With the occasional jab, duck and left hook three leaders of the internet advertising industry faced off in person at the Right Media Open conference on Tuesday to debate the future of ad exchanges and online advertising. Showing up to the panel representing their advertising business and future ad exchange was Scott Howe, President, Microsoft’s DrivePM, Mike Walrath, CEO of Right Media, and David Rosenblatt, CEO of DoubleClick. The discussion that started with a friendly round of respectful back slapping quickly moved to reflect the competitive and cut throat race each leader is in.
Each panelist was quick to start trumpeting the strengths of their respective ad platforms. While Mr. Rosenblatt calmly answered what differentiates DoubleClick’s ad exchange from Right Media’s, Walrath was clearly irritated by his response and image that only DoubleClick’s exchange had premium publishers, “One of the key differences is that we have top premium publishers,” said Rosenblatt. In response Walrath pointed out the status of his new employer, “Correct me if I am wrong, but isn’t Yahoo one of the largest premium publishers on the Internet?” he said.
This battle of ad dominance is marked by the ongoing and expensive consolidation between the titans. Yahoo’s acquisition of Right Media in April for $680 million, Microsoft’s acquisition of aQuantive in May for $6 billion, and Google’s hopeful swallowing of DoubleClick for $3.1 billion, highlight the importance of dominating the technology, supply and the demand. While being asked about why Microsoft was the right partner for aQuantive and DrivePM, Howe put on his best sales pitch, “Building ad technology is very complex and Microsoft’s strong history of software development will help us win the ad technology war. We have big big plans for AdEcn and our ad serving platform. Microsoft brings the resources to the table to compete.”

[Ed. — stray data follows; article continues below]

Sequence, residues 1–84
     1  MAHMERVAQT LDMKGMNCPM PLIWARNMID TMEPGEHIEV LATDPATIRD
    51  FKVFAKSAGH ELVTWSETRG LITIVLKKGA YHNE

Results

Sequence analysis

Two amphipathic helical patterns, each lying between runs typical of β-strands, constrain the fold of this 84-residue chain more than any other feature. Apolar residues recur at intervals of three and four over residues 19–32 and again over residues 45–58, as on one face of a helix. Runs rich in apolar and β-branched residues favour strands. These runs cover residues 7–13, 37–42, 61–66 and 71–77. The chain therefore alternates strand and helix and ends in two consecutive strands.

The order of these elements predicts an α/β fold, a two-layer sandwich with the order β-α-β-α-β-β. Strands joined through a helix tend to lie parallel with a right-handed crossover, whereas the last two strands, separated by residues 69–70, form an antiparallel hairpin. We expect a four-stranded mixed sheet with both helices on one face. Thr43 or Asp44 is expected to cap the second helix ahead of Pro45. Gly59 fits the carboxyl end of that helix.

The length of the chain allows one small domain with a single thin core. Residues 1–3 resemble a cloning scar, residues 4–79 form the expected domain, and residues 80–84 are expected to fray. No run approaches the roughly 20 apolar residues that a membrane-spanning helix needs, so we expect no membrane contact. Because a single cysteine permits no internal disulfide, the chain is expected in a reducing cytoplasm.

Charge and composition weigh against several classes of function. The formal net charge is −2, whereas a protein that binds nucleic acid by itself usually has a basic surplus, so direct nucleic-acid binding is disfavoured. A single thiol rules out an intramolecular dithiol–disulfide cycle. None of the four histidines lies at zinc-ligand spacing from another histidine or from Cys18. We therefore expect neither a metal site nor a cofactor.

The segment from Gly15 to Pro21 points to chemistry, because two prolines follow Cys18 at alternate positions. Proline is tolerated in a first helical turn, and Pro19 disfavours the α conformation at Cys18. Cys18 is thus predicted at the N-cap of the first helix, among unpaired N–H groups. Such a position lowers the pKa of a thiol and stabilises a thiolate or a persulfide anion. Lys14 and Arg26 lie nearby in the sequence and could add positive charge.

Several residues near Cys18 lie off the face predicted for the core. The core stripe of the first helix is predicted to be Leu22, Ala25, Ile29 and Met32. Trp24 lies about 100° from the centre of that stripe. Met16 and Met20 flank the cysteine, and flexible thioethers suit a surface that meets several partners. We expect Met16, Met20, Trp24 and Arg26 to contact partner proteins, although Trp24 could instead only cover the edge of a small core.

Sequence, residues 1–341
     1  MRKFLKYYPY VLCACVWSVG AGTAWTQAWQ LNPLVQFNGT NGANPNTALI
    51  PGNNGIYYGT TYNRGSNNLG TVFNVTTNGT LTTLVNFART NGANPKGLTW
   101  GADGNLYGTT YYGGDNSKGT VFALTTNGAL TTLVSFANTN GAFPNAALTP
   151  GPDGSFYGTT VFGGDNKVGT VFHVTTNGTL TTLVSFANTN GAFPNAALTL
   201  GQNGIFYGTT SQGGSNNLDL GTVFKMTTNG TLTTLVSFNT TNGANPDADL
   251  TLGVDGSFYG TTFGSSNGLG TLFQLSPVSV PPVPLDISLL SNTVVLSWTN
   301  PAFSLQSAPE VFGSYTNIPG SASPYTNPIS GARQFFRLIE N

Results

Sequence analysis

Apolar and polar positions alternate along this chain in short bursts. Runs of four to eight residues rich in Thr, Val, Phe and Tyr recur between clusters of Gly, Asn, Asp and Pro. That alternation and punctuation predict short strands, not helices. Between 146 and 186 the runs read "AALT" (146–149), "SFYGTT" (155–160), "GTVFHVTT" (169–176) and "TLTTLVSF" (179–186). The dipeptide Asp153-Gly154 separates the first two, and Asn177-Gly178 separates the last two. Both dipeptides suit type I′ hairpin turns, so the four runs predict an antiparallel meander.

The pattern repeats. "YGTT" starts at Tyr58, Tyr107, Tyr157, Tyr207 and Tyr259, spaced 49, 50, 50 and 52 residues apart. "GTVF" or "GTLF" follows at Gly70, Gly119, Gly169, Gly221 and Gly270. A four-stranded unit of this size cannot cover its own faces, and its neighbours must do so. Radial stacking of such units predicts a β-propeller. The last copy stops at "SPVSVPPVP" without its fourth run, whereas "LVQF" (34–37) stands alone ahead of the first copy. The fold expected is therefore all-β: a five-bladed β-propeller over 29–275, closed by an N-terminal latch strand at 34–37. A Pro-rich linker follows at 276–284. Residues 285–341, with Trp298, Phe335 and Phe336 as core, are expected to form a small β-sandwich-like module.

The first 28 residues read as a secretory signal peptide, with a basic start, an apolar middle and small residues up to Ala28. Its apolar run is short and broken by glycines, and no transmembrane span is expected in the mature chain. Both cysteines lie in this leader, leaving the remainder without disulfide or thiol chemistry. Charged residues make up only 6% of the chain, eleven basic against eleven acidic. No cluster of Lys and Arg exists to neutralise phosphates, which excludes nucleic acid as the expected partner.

Acquisitions are typically marked with frustration and failure as companies with different DNA attempt to get married. However the competitive heat was strong enough here that each group preferred to highlight how conflict wasn’t the case with these integration efforts. Howe was more pronounced than normal with his excitement, “The cultural integration is going extremely well and we’re very lucky to have the Microsoft resources and money behind us, before we were a small company with little money and limitations. We realized that in order to win, Microsoft was the right partner.”
While the bicoastal relationship between the New York based Right Media and California based Yahoo may be a saving grace as the Right Media team continue to build their business while integrating one bicoastal flight after another, “The cultural integration with Yahoo has been good, they have a real commitment to openness and get it,” said Walrath. Rosenblatt was unable to address the specifics of integration between Google and DoubleClick as he continues to face legal review and approval of the deal.